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For migraine headache relief, ginger root proved equally as effective as a prescription drug.
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For migraine headache relief, ginger root proved equally as effective as a prescription drug.

Migraines are estimated to affect more than 28 million Americans. These headaches are caused by excessive dilation of blood vessels in the head and are characterized by a throbbing or pounding sharp pain.

Several dietary and supplement strategies that have been shown to be effective alternative treatments for migraines, with success rates often superior to standard therapy. One of the most promising is ginger, which has traditionally been used to ease nausea, relax and soothe the intestinal tract, and help to eliminate intestinal gas. Several studies have shown that ginger is effective in addressing a range of gastrointestinal issues.

Ginger has also been shown to exert a number of anti-inflammatory effects, and has a long history of use as a natural treatment for pain and inflammation. Some clinical studies show positive results in people with arthritis, chronic low back pain, painful menstruation, and muscle pain.

The Latest Research

One recent study compared ginger powder with sumatriptan, the generic form of the migraine drug Imitrex. Ginger proved to be equally effective as the prescription medication, but it had a better safety profile than the drug. Minor side effects of Imitrex include nausea, dizziness, drowsiness, and muscle weakness. But it can also cause more serious side effects, including coronary artery spasms, heart attacks, stroke, and seizures.

Researchers compared ginger and sumatriptan in 100 men and women who had suffered migraines for an average of seven years. In a double-blind study, participants were given either ginger (a 250 mg caplet) or sumatriptan (50 mg). Patients were instructed to take a caplet as soon as a migraine started.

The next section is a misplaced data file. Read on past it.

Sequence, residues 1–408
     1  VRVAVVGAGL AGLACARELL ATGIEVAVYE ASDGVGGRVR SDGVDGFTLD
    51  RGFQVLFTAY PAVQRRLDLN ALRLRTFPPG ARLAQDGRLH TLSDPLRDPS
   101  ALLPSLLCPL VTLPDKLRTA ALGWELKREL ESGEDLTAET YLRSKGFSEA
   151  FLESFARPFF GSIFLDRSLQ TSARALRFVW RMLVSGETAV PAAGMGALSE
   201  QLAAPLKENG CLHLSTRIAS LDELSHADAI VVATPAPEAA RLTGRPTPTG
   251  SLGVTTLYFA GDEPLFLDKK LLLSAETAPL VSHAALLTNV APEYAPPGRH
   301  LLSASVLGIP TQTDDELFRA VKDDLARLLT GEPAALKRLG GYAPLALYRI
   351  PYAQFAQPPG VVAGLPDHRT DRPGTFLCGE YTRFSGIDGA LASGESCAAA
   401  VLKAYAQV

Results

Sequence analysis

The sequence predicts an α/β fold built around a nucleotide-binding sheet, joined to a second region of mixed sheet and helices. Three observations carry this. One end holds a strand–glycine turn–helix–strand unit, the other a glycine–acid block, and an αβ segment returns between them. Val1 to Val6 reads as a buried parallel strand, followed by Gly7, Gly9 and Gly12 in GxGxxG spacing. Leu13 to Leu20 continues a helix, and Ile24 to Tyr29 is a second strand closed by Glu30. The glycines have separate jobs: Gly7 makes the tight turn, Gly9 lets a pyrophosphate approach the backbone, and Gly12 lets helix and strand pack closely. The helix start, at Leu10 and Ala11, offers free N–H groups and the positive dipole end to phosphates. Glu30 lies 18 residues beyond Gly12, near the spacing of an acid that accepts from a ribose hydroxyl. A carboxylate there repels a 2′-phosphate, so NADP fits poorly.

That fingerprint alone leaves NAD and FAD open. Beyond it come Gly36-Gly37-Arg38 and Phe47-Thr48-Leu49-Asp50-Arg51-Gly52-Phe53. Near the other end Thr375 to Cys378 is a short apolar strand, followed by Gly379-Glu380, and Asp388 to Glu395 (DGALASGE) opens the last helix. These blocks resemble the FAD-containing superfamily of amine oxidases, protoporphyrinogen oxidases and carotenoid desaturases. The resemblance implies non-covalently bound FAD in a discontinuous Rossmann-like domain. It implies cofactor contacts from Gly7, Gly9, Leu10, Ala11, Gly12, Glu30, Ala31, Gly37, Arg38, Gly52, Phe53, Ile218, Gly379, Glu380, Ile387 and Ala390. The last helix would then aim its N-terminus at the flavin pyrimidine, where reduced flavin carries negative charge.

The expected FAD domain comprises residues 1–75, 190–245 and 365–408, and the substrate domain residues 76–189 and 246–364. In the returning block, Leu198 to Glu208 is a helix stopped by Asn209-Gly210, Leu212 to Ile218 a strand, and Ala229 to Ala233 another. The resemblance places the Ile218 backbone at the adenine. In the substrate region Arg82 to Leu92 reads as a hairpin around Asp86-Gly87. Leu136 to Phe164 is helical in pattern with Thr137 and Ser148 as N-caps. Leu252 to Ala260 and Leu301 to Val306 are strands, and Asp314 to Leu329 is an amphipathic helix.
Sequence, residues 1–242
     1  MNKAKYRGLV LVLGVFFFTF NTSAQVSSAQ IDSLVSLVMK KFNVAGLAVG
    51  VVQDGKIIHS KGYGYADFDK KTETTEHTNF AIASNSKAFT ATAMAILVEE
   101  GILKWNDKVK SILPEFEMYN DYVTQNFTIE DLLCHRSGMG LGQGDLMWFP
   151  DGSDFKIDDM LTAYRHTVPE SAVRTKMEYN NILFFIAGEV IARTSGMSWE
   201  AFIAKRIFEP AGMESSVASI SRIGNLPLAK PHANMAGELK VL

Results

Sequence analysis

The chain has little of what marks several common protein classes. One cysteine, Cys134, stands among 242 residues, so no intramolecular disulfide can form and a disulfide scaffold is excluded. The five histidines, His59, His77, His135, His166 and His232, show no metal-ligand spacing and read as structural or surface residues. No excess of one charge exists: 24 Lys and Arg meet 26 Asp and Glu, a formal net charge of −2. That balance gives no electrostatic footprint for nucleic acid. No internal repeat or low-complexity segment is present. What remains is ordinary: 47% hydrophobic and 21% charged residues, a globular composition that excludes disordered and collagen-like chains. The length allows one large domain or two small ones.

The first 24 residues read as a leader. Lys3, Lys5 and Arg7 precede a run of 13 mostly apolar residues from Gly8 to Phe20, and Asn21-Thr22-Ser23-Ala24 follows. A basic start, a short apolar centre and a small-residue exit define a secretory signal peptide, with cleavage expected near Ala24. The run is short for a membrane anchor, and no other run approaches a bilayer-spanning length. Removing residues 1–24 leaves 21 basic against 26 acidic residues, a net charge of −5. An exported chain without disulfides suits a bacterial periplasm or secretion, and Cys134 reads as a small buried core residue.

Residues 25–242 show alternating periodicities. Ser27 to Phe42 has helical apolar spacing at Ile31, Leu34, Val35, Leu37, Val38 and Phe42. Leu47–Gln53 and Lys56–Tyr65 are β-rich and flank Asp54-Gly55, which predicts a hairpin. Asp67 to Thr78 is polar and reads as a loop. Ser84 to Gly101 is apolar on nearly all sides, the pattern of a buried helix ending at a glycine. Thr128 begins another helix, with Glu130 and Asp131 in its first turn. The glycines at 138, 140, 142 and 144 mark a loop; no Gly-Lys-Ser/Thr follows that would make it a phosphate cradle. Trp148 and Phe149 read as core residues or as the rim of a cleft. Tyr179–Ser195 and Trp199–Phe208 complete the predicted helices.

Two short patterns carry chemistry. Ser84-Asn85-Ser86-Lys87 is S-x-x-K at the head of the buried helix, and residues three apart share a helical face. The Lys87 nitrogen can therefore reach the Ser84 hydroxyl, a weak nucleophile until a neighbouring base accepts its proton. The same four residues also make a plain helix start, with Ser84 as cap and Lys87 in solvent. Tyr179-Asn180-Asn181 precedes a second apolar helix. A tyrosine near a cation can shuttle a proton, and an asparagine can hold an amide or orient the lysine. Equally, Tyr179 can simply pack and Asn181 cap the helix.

For each headache that occurred during that month, participants recorded the time the headache began, headache severity before taking the medication, and degree of pain relief at 30, 60, 90, and 120 minutes, as well as 24 hours later. Results showed that ginger was as effective as sumatriptan, achieving 90 percent relief within two hours of ingestion. While a very small percentage (4 percent) of the ginger group experienced minor digestive upset, 20 percent of patients taking sumatriptan reported dizziness, drowsiness, or heartburn.

For Fast Relief

The dosage of ginger used in this study was low. Higher dosages more than likely would have produced even better results. Most clinical studies have used a dosage of 1 gm powdered ginger daily.

Fresh ginger contains active enzymes and high levels of other active constituents. The equivalent dosage to supplements would be 10 grams (about one-third of an ounce) of fresh ginger, which is roughly a quarter-inch slice. Throw some in your juicer as a great addition to any juice blend, or juice or grate fresh ginger and add it to sparkling mineral water to make a delicious homemade ginger ale.

CALL OUT: Ginger was as effective as sumatriptan, achieving 90 percent relief within two hours of ingestion.

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